Life Science Compliance Update

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January 31, 2017

Mallinckrodt to Pay $100M to Settle Antitrust Violations

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Mallinckrodt ARD Inc., formerly known as Questcor Pharmaceuticals, Inc., and its parent company, Mallinckrodt plc, have agreed to pay $100 million to settle Federal Trade Commission (FTC) charges that they violated antitrust laws when Questcor acquired the rights to a drug that threatened its monopoly in the United States market for adrenocorticotropic hormone (ACTH) drugs. The drug, Acthar, is used as a treatment for infantile spasms, as well as a drug of last resort for other serious medical conditions. A treatment with Acthar can cost more than $100,000.00.

The complaint alleges that, while benefitting from an existing monopoly over the only U.S. ACTH drug, Acthar, Questcor illegally acquired the U.S. rights to develop a competing drug, Synacthen Depot. The acquisition stifled competition by preventing any other company from using the Synacthen assets to develop a synthetic ACTH drug, preserving Questcor’s monopoly and allowing it to maintain extremely high prices for Acthar.

The FTC alleges that in June 2013, Questcor acquired the U.S. rights to Synacthen from Novartis AG, outbidding several other companies that were seeking to acquire the rights to Synacthen. Those alternative bidders were interested in developing the drug and had plans to sell it at a significant discount to Acthar’s price, capturing a substantial amount of Questcor’s business. The FTC charges that Questcor’s acquisition of Synacthen stifled competition and eliminated the possibility that an alternative bidder would make the drug available in the U.S. market and compete with Acthar.

“Questcor took advantage of its monopoly to repeatedly raise the price of Acthar, from $40 per vial in 2001 to more than $34,000 per vial today – an 85,000 percent increase,” said FTC Chairwoman Edith Ramirez. “We charge that, to maintain its monopoly pricing, it acquired the rights to its greatest competitive threat, a synthetic version of Acthar, to forestall future competition. This is precisely the kind of conduct the antitrust laws prohibit.”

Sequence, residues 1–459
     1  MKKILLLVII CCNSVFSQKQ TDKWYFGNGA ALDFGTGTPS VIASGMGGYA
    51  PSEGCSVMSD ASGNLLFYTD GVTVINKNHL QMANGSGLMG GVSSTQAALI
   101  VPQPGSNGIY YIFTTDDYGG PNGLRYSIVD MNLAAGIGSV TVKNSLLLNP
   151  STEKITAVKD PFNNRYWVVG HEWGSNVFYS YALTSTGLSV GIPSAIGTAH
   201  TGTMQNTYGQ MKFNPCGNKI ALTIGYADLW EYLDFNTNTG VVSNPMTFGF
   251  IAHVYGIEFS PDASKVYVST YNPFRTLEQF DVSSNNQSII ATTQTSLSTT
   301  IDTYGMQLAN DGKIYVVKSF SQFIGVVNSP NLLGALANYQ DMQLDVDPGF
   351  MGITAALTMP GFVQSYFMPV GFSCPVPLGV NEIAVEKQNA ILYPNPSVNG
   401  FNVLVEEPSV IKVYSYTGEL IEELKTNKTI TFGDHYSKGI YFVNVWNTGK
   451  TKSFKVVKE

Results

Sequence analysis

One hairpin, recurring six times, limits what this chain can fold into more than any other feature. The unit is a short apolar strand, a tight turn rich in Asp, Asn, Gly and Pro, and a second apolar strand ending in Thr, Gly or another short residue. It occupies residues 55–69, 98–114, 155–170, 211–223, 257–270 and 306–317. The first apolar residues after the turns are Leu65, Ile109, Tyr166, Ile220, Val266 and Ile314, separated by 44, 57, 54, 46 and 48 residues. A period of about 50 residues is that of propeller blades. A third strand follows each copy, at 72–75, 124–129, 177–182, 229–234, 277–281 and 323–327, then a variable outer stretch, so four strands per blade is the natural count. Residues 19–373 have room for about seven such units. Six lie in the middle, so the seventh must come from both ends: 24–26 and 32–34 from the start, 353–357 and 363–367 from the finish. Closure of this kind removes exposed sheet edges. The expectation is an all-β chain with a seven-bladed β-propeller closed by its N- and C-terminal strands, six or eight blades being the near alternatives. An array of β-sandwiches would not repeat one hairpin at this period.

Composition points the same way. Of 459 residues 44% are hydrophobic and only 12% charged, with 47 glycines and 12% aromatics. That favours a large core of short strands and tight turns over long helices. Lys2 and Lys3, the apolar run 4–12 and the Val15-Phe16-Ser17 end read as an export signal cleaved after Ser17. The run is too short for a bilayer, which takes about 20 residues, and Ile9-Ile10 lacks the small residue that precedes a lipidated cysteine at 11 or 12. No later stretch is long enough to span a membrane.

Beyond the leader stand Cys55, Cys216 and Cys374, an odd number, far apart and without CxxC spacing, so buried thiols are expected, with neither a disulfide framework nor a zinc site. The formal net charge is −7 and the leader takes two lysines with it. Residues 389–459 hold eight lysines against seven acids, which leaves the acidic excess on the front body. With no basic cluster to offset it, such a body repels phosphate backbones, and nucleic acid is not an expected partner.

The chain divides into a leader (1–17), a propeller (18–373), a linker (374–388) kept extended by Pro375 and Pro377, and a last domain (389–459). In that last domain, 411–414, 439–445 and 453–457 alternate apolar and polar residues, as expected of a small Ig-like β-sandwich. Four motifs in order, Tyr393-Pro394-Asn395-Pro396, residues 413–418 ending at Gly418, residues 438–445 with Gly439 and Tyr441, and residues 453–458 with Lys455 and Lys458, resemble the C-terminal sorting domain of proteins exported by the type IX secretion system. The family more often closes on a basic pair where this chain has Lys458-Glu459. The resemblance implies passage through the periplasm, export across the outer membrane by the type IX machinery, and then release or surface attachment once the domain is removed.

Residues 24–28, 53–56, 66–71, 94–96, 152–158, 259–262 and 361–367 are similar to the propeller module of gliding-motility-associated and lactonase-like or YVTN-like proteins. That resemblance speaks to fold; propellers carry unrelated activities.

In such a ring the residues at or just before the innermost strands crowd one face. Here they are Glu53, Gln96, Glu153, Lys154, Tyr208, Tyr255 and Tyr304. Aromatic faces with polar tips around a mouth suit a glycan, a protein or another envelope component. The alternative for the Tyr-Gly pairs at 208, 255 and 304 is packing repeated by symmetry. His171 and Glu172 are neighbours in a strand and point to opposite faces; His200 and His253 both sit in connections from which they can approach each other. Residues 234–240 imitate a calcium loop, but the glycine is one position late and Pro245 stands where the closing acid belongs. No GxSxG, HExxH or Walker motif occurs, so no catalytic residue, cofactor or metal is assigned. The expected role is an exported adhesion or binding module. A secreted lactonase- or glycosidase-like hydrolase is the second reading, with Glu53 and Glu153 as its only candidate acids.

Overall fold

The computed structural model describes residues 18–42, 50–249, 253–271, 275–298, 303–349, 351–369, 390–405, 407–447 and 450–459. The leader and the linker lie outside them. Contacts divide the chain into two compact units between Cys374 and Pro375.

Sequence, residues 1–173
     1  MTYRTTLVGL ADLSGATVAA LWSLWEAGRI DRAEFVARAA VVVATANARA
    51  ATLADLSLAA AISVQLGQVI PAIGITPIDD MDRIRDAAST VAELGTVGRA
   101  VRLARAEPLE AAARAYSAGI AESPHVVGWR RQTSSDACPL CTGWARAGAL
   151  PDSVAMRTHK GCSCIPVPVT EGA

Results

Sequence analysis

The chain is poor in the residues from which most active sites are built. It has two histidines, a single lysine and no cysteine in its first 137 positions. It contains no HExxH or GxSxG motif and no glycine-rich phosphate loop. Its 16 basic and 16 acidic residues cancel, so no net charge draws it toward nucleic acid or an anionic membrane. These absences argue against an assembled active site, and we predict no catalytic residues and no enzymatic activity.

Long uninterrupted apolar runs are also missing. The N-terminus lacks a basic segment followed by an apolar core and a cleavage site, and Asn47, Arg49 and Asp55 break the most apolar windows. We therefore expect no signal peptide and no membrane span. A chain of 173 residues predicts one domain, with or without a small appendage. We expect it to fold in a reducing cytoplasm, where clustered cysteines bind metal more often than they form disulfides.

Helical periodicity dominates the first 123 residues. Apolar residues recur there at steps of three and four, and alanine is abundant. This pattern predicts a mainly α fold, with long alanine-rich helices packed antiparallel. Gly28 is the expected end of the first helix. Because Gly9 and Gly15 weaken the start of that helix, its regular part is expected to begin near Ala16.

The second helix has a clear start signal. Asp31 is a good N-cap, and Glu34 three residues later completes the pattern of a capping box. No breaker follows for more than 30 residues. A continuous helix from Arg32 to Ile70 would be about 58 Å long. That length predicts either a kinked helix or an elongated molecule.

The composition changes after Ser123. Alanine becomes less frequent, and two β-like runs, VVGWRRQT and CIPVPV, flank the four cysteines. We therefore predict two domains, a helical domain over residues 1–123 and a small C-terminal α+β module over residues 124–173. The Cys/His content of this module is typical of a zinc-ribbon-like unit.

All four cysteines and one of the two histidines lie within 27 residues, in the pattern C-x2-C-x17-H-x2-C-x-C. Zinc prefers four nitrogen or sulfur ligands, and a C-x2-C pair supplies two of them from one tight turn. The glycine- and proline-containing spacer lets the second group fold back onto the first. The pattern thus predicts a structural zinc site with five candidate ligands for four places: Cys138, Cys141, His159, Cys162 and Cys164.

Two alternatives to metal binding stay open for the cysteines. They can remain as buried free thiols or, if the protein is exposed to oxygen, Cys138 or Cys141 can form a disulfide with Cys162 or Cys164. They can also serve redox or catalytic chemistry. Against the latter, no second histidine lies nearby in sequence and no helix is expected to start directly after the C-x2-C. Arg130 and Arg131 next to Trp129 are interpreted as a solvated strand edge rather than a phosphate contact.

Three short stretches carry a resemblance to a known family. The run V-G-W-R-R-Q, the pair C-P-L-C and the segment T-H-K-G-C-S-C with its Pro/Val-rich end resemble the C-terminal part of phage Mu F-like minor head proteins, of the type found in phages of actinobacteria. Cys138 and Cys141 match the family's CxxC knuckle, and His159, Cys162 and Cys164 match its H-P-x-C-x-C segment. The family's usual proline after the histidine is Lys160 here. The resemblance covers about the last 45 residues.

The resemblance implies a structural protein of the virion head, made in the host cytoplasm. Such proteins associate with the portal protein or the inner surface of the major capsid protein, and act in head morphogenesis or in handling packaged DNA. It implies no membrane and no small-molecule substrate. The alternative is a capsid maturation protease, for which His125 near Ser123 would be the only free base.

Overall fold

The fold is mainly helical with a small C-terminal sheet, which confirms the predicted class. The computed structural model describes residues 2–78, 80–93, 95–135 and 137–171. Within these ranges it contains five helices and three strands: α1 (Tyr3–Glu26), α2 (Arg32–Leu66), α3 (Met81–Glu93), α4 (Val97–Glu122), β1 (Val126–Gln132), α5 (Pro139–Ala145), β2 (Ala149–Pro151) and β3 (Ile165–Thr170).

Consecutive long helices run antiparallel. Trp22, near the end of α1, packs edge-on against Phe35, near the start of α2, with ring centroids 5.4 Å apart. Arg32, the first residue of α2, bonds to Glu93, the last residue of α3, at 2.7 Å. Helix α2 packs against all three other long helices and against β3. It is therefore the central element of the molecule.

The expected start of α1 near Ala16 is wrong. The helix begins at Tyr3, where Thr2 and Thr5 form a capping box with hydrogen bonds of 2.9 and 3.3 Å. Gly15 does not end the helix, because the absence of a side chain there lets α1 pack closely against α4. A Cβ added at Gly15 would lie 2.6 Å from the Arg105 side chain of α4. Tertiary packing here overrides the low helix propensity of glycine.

In addition to the $100 million monetary payment, the proposed stipulated court order requires that Questcor grant a license to develop Synacthen Depot to treat infantile spasms and nephrotic syndrome to a licensee approved by the Commission.

A monitor will ensure that Questcor complies with its obligation to grant the license within 120 days of the entry of the order; after that time, a trustee will be appointed to effectuate the license. The order also requires Questcor to provide periodic reports on its efforts, and provide the Commission with advance notice of any future acquisitions of U.S. rights to ACTH drugs.

Shkreli Resurfaces…

The FTC has been investigating Mallinckrodt's Questcor unit since a 2014 lawsuit filed by notorious ex-pharmaceutical executive Martin Shkreli, then CEO of drug maker Retrophin.

Retrophin's suit claimed Questcor violated federal antitrust laws by purchasing Synacthen from Novartis for $135 million after Retrophin bid $16 million for the drug. Retrophin claimed Questcor's purchase was illegal because it was allegedly done to shut down a drug that could compete with Achthar.

Retrophin settled its case against Questcor in 2015 after Questcor paid Retrophin $15.5 million.

Conclusion

The states of Alaska, Maryland, New York, Texas, and Washington joined in the FTC’s complaint. Under the settlement, the states will receive $10 million from the $100 million judgment and an additional $2 million as payment for attorney’s fees and costs.

In a statement issued Wednesday, Mallinckrodt said, "We are pleased to confirm that we have entered into a settlement agreement with the FTC staff to fully resolve this matter, subject to approval by the commission. We will comment further at the appropriate time."

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